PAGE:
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What does the Coronavirus shutdown mean for Aaron Hicks?

Heading into the season, Yankee fans were starting to feel like the #nextmanup mentalitly would need to carry into this season. The team has players who would be out from pervious surgery and players who had new injuries. With Opening Day scheduled for March 26, fans understood that they would be starting their season without quite a few big names.

Things have certainly changed since the pre-season. Baseball activity was put on hault due to Coronavirus, and there is no end to the disappointment in sight. Reports have suggested games will resume sometime in June or July leaving us with three extra months of no baseball. Although this seems like the worst possible thing that could happen, it’s not. Many players can now focus on rehab and recovery and return at full strength when it’s time. Yankee fans who thought they would start the season short-handed might actually have a full lineup to trot out when the season does start.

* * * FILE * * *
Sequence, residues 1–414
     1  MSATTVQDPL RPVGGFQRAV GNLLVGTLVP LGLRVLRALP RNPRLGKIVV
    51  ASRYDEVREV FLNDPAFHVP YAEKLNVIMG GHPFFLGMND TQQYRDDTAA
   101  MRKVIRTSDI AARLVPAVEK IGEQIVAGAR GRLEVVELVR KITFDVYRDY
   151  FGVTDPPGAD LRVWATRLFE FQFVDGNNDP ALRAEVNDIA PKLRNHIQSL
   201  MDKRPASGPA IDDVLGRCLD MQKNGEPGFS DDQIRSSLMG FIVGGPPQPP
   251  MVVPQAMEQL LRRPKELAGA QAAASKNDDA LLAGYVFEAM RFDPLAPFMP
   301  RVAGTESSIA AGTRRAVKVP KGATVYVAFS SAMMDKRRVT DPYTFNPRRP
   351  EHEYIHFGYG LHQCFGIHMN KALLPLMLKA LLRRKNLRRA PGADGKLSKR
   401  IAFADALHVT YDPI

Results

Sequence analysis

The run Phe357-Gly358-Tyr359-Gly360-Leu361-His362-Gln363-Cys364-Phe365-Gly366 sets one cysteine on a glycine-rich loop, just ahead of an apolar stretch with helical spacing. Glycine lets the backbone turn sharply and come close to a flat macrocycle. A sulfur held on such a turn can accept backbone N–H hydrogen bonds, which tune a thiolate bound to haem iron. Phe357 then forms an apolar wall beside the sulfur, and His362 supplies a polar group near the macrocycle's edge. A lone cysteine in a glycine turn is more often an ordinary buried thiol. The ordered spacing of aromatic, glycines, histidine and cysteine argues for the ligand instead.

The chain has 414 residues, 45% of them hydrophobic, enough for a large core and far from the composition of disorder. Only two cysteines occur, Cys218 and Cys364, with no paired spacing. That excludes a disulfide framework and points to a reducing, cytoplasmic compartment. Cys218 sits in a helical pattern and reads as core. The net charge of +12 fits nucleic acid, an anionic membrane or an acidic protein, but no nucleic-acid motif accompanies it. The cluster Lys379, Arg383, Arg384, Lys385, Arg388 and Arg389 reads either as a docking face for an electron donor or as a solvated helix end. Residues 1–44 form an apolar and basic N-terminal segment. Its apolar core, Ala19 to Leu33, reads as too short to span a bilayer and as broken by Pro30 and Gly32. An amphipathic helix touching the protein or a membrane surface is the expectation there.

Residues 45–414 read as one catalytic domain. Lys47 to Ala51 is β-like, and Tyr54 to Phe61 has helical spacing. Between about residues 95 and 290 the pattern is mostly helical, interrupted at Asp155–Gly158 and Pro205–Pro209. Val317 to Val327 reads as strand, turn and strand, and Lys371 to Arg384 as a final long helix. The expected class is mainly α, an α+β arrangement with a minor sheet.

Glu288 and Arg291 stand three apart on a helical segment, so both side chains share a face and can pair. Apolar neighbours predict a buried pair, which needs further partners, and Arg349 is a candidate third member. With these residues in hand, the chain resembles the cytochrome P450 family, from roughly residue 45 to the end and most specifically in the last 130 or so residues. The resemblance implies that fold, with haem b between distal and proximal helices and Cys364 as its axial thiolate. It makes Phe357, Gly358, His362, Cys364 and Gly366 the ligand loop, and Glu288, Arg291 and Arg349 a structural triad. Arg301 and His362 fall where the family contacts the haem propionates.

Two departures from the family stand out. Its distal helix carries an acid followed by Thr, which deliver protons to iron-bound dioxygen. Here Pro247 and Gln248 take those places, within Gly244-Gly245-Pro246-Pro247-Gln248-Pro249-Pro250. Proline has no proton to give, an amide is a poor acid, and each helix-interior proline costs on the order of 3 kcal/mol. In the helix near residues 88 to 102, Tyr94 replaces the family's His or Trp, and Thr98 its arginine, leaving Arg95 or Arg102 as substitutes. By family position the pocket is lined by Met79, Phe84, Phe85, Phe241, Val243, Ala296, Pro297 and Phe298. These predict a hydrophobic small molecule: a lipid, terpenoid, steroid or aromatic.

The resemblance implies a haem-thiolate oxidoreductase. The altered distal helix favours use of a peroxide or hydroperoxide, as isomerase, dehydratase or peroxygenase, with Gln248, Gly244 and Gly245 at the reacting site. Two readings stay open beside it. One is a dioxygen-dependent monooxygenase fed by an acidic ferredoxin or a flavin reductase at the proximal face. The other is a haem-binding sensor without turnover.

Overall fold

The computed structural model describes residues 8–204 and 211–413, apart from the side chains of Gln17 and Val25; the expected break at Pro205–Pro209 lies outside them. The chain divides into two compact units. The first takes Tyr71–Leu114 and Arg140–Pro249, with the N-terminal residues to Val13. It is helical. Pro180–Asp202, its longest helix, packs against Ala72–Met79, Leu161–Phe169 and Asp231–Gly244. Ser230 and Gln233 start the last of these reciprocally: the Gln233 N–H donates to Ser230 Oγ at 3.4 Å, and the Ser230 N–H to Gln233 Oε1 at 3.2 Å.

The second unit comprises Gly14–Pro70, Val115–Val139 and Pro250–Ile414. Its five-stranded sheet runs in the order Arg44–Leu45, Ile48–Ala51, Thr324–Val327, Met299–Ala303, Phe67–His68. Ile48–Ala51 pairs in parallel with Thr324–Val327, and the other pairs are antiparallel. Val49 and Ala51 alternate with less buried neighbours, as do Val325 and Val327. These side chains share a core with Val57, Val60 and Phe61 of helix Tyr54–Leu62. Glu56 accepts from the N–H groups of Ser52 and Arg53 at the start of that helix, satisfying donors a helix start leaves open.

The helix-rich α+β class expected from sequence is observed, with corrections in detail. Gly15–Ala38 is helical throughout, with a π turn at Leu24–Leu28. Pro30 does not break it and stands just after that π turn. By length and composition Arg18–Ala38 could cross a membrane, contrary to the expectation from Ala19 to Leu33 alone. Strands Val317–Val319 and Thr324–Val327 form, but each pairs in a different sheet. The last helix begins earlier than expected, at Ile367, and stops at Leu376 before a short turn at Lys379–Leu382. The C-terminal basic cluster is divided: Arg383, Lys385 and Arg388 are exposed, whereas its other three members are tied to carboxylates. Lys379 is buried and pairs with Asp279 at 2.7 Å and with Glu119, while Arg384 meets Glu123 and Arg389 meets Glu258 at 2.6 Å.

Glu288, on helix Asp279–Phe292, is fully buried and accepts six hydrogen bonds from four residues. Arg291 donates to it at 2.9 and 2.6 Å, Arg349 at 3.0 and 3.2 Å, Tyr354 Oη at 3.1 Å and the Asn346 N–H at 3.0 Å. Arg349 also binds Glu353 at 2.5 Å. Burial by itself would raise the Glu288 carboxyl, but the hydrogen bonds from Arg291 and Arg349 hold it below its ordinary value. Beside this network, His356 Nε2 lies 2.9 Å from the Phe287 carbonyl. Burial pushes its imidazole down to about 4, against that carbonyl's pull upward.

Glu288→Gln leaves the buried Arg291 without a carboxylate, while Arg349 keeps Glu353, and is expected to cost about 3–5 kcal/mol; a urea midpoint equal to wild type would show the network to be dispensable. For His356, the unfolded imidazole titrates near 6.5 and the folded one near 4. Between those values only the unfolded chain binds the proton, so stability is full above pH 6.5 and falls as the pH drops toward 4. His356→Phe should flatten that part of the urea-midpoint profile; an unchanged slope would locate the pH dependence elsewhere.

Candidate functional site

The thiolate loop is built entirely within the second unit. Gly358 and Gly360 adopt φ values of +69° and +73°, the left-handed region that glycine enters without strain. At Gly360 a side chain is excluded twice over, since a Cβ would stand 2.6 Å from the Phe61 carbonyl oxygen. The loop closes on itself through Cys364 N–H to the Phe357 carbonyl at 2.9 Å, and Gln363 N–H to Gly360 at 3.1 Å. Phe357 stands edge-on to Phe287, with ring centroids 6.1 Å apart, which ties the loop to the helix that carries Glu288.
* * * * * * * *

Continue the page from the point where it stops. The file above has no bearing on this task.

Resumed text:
The shut down isn’t half bad for Hicks

Hicks, who had Tommy John in October, wasnt expected to be ready to play ball until late in the summer. ย Recovery time estimations of 8 to 10 months were given to the outfeilder. This meant he would likely miss the first 60 games of the seaon. It would have been impossible to see Hicks in the outfield in March but in July that is certainly possible.

The possibility of seeing Hicks when baseball returned got even better when Boone announced he started a throwing program on March 25. Hicks is already throwing at his Arizona home with the guidence of his physical therapist. Hicks’ recovery seems to be moving in the right direction, leading him straight back into center field. The shutdown could potientially give the Yankees a full strength outfield on opening day if Hicks has no setbacks and rehabs quickly.

Hoch also mentions that Paxton, who had back surgery before spring training, is continuing his throwing program, so he could be another player that’s ready when the season finally begins.

With everything happening, or not happening, Hicks will have plently of time to work on his throwing arm before baseball returns. Hicks could now very well have a significant impact on the 2020 season. Even if he doesn’t find himself in the opening day lineup, chances are he won’t be very far behind.